And I have stepped into your dream at night,
A stranger there, my body steeped in moonlight.
I watched you tremble, washed in all that silver.
Love, the stars have fallen into the garden
And turned to frost. They have opened like a hand.
Cannery Row in Monterey in California is a poem, a stink, a grating noise, a quality of light, a tone, a habit, a nostalgia, a dream. Cannery Row is the gathered and scattered, tin and iron and rust and splintered wood, chipped pavement and weedy lots and junk heaps, sardine canneries of corrugated iron, honky tonks, restaurants and whore houses, and little crowded groceries, and laboratories and flophouses. Its inhabitant are, as the man once said, “whores, pimps, gambler and sons of bitches,” by which he meant Everybody. Had the man looked through another peephole he might have said, “Saints and angels and martyrs and holymen” and he would have meant the same thing.
― John Steinbeck, Cannery Row
<3 <3 steinbeck. this is one of the most gorgeous openings to a book.
Charles Bukowski, What Matters Most is How Well You Walk Through the Fire (via libraryland)
Chris Cobb, an artist based in San Francisco, has created an amazing installation in bookshop called Adobe Books- he catalogued every single one of the 20,000 books by color. The project is titled There is Nothing Wrong in This Whole Wide World. They were arranged by hand over a 10 hour period, and he enlisted the help of 16 volunteers. Such beautiful results, they transformed the bookshop overnight.
it’s called AAVE, you [oh let’s censor this]
I hate how people here think that “proper general English” is the only way to speak English and all the others are considered “idiocy” like if language has anything to do with intelligence. I’m not even from the U.S. and I know this better than most of you.
Below is a list of all English dialects in North America:
- New England English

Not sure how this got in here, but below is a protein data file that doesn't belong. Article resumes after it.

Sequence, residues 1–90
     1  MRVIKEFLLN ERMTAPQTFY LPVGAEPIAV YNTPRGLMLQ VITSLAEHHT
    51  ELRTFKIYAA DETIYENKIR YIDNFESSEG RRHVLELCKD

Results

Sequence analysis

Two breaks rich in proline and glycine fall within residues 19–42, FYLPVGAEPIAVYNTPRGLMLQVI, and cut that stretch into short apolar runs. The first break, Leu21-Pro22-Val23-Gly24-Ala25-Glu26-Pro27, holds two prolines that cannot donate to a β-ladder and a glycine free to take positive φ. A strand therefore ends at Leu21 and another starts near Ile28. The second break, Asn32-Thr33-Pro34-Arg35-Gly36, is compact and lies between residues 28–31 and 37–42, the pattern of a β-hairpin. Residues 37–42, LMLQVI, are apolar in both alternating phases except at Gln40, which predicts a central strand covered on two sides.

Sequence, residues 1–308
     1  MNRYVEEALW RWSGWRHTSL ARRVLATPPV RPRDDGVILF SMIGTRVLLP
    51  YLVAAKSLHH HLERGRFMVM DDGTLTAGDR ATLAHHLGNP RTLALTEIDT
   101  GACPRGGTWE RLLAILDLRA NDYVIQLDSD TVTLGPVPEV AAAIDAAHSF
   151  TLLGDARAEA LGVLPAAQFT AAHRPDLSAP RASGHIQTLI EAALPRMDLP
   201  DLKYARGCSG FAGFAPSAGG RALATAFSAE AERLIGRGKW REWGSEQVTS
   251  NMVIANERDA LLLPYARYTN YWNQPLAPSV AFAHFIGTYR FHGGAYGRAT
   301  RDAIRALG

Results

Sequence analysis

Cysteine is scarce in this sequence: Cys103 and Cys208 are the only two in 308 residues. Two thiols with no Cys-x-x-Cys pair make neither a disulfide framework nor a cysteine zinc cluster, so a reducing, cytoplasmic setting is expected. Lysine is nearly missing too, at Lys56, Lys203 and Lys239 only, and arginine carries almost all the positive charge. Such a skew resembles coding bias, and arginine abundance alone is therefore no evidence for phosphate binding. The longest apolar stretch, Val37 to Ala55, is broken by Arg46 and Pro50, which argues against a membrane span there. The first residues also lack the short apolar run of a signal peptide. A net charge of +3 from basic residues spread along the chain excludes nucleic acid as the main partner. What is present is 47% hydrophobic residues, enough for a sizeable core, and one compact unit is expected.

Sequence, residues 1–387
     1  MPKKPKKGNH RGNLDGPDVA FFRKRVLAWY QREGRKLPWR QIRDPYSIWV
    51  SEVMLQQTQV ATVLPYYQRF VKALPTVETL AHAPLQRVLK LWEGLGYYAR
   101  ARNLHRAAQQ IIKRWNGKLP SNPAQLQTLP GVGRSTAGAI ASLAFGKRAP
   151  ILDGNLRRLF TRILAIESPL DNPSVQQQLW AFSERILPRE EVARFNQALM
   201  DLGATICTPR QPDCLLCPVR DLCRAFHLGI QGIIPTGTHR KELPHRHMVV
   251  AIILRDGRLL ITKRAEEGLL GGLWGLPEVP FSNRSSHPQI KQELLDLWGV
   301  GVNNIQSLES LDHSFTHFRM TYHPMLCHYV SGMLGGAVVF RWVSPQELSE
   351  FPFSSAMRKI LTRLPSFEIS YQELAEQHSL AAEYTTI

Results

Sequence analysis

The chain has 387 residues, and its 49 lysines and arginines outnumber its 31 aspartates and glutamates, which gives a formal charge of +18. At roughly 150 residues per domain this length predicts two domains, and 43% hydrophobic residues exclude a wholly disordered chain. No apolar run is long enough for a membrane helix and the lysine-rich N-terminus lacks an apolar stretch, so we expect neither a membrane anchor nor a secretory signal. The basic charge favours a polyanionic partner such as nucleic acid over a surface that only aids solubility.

- Inland Northern American English (includes western and central upstate New York)
- Mid-Atlantic dialects
- Inland Northern American English (Lower peninsula of Michigan, northern Ohio and Indiana, Chicago, part of eastern Wisconsin and upstate New York)
- North–Central American English (primarily Minnesota, but also most of Wisconsin, the Upper peninsula of Michigan, and parts of North Dakota, South Dakota, and Iowa)
- Midland American English
- Southern English
- Western English
- Hawaiian Pidgin
- Newfoundland English
- Maritime English
- West–Central Canadian English
Native/American indigenous peoples
From the New England accents Wiki:
Some speakers of the Western New England dialect—especially those from the region surrounding the major cities of Springfield, Massachusetts and Hartford, Connecticut, along theConnecticut River—replace “t” with a glottal stop and replace “-ing” with “in’”. This would mean that those who do such would pronounce (for example) “sitting” as “sih-in’”, New Britain as “New Brih-nn”, and Clinton as “Clin-nn,” etc. T-glotallizing is found in other parts of the country as well, to varying degrees; however, it is prevalent in Southwestern New England.
I totally do this. I can’t say “mountain” or “kitten”; I say “mau-in” and “kih-en”. My parents always give me a hard time and it’s SO FUCKING ANNOYING. One time my stepmom told me that it made me sound less smart, which is ironic because I’m the most educated person in my entire extended family, and I wouldn’t think that a speech affect that makes you sound like you’re from Connecticut would dumb you down.
Seriously though, I met so many ultra-intelligent people with thick Southern accents when I was at UNC, and met so many idiots with perfect British accents when I lived in London. The accent=intelligence stereotype has totally been broken for me, which I’m quite thankful about.
Okay sorry /end rant.
So I’m back from my trip to visit my college roommate. It was incredibly fun for many reasons, but one of the coolest things that happened there….
…was learning a new style of crochet from her 90-year-old Portuguese grandmother.
This woman was incredible. Sharp as a tack, and incredibly dexterous even now with her hook - a minuscule 1 mm, in comparison to my favorite 5 mm. Her house was full of incredibly elaborate lace towels and tablecloths - I found something new and incredibly impressive every time I turned around.
Although she spoke no English and I spoke no Portuguese, through patience and demonstration she taught me this simple pattern for a tiny towel edging. The yellow is hers, and the beige is mine. As you can see, I started out pretty wobbly, but by the end I was improving a lot.
It was really amazing learning from her, and I feel very lucky to have crocheted with a master :)
my grandma & miss chouette both make me so proud & happy. :)
Holy moly!!! Aaron Tveit & Darren Criss!!!
OHMYGOSH … i have so many ideas for musicals starring these two incredible men. i just … there are too many feelings right now.